President Vladimir Putin’s high-profile military deployments aim to showcase Russian power in any global confrontation with the West, NATO officials say, but the alliance will not seek to match Moscow’s actions. Curtis Scaparrotti, the US-led alliance’s top commander, told allied defence ministers on Wednesday that more than 120,000 Russian troops took part in exercises in September which culminated with the firing of a missile capable of carrying a nuclear warhead, diplomats said.
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As Russia’s sole aircraft carrier passed Europe’s shores this week, reports of its warships equipped with nuclear-capable missiles in the Baltic alarmed allies. The alliance is also concerned by Moscow’s deployment of ballistic Iskander missiles in the Russian exclave of Kaliningrad.
“The main challenge is not individual events or deployments,” NATO Secretary-General Jens Stoltenberg told reporters. “It is the overall picture, where we see a substantial increase in Russia’s capabilities at sea, in the air and on land; exercises with a more aggressive patterns.”
Stoltenberg declined to say publicly what he thought Russia’s overall aims are. But Scaparrotti, who is also a US Army general, told defence ministers that Russia was seeking, in military parlance, “escalation dominance,” according to people briefed on the discussions.
That strategy holds that a military power can best contain and control conflicts if it is dominant at each step in an escalation with an adversary, potentially all the way to the biggest threat, nuclear weapons. Some military analysts believe Putin holds this doctrine close to his heart.
“Putin is showing a desire for dominance,” said a senior NATO diplomat. “From the Arctic, to the Baltic and the Black Sea, sometimes simultaneously, Russia wants to use sophisticated weaponry mixed with ships of a Soviet vintage.” Russia’s ambassador to NATO, Alexander Grushko, said it was the West, not Moscow, that threatened European security.
“The alliance is more focused on the development and deepening of its policy of a comprehensive military and political containment of Russia,” Grushko told Reuters. “This vector is becoming more and more long-term.”
Vice Admiral James Foggo, who heads the US Navy fleet in Europe, said he expected Moscow to react negatively when Washington breaks ground on a missile defence site in Poland in late November. The United States says the facility will defend against any ballistic missile attacks from Iran, not Russia.
Foggo told Reuters that the United States was keeping a close eye on Russia’s resurgent navy, as the aircraft carrier heads to the Mediterranean, a fleet of six submarines is planned for the Black Sea, and Moscow seeks a more active Russian presence in the Baltic Sea.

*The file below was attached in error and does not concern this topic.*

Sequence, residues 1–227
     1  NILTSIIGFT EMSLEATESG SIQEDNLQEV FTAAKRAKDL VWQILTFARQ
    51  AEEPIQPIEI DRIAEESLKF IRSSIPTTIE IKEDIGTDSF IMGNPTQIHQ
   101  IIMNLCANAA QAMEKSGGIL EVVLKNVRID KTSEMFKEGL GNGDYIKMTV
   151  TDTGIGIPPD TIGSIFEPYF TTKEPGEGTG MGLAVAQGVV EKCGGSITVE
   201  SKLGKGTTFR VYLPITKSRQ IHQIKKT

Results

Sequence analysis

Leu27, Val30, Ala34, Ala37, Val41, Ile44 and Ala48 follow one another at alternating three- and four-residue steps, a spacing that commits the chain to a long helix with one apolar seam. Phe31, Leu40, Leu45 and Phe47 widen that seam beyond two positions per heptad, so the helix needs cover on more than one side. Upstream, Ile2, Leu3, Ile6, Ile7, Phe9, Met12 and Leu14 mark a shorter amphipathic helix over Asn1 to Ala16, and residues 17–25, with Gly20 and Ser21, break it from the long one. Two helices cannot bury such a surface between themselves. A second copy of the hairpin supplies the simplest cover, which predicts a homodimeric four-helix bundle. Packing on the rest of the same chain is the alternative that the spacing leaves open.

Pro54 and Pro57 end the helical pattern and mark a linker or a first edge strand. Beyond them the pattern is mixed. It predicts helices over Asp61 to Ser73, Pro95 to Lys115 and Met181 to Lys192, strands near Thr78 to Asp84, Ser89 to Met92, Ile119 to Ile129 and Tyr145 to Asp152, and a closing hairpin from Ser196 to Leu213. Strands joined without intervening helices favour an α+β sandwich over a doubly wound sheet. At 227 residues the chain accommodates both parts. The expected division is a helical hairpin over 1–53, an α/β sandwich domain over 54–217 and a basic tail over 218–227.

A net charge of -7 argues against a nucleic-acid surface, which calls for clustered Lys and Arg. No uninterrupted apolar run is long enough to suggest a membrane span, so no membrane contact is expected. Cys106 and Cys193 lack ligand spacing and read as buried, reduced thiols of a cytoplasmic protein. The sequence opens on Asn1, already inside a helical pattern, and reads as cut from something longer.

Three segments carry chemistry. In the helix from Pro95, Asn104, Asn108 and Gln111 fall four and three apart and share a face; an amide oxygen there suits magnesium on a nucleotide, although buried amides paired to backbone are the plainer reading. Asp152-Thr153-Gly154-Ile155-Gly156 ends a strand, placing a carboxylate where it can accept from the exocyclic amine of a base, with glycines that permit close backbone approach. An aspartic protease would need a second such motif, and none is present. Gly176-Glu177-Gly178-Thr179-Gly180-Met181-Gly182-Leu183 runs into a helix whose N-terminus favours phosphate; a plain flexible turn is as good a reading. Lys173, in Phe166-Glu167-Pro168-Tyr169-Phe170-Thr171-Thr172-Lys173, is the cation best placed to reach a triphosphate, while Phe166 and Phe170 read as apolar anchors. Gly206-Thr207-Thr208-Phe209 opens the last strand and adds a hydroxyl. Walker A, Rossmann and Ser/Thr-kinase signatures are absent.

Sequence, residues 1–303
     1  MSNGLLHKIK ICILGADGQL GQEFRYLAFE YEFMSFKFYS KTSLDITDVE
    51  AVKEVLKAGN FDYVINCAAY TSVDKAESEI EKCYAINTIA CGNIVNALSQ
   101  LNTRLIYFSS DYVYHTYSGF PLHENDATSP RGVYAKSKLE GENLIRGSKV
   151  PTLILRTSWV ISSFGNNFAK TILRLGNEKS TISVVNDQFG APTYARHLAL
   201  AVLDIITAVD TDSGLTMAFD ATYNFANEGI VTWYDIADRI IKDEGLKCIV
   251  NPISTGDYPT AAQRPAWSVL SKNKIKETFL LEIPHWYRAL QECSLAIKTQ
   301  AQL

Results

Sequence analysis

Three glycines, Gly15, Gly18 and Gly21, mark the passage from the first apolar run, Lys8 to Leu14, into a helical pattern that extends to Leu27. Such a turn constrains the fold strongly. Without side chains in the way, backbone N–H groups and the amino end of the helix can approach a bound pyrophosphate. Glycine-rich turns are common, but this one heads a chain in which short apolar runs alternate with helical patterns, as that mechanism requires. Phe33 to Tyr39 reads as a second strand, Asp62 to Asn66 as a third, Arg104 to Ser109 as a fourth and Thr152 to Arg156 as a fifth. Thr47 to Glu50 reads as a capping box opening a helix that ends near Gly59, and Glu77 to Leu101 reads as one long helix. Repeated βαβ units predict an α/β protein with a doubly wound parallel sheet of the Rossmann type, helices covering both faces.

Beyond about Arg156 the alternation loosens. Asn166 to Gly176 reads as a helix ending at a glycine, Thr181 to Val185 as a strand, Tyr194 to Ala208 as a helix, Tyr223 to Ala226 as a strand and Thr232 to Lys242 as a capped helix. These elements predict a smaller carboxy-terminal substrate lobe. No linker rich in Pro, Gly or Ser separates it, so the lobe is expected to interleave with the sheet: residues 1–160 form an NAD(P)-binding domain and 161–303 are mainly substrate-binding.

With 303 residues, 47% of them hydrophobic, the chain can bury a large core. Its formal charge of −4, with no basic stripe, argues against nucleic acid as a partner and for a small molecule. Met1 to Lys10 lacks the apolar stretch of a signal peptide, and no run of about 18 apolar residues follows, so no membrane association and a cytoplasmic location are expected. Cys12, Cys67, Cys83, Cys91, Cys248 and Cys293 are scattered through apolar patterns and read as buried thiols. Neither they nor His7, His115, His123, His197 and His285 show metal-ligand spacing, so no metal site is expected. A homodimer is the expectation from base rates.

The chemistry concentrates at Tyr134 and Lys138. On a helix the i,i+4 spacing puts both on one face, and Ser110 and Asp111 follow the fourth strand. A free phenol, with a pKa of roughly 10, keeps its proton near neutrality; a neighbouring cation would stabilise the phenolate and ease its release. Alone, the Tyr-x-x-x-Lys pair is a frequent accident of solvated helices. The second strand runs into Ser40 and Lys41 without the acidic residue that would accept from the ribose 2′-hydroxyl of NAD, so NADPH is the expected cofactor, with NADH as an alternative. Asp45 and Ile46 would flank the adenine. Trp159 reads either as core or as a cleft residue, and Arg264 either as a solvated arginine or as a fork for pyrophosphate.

“They’re using all these tools that they have in their inventory to enhance the effect that they want to create on the battlefield,” he said.
NATO-RUSSIA COUNCIL “WITHIN WEEKS”
In written remarks to reporters, Scaparrotti said that “actions speak louder than words” and also noted the Kremlin’s decision to consolidate control of the armed forces in Moscow and nuclear missile tests.
NATO says its decision to send 4,000 troops, planes, tanks and artillery to former Soviet republics in the Baltics and to Poland next year is a measured response compared to what NATO believes are 330,000 Russian troops amassed near Moscow.
“We will not mirror what Russia is doing,” Stoltenberg said. “We are not in a Cold War situation,” he said, referring to when 300,000 U.S. service personnel were stationed in Europe. NATO generals want to adhere to a 1997 agreement with Moscow not to station substantial combat forces on the NATO-Russia border.
Norway, which has a long border with Russia, will allow 330 U.S. troops to be stationed on its soil for a limited period from next year, the first time foreign troops have been posted on its territory since the end of World War Two.
Stoltenberg hopes to convene another NATO-Russia Council – the forum bringing together Grushko, Russia’s top diplomat to the alliance, and NATO envoys – in the next few weeks, diplomats say. Stoltenberg, who hails from Norway, insists there is no attempt to isolate Moscow.
However, diplomats also complain that discussing such issues as Moscow’s 2014 annexation of Crimea and near-misses between Western planes and Russian jets have come to nothing.
That leaves NATO trying to learn more about Russia’s aims if Putin continues to escalate the stand-off with the West.
“One thing we need to address is if we all have the capacity to read Russia’s behaviour satisfactorily. Russia is doing a lot of new, unfamiliar things,” said Britain’s ambassador to NATO, Adam Thomson, who served as a diplomat in Moscow in the 1980s.
“It is obviously trying to signal, but it is not clear that we know how to understand those signals,” he told reporters.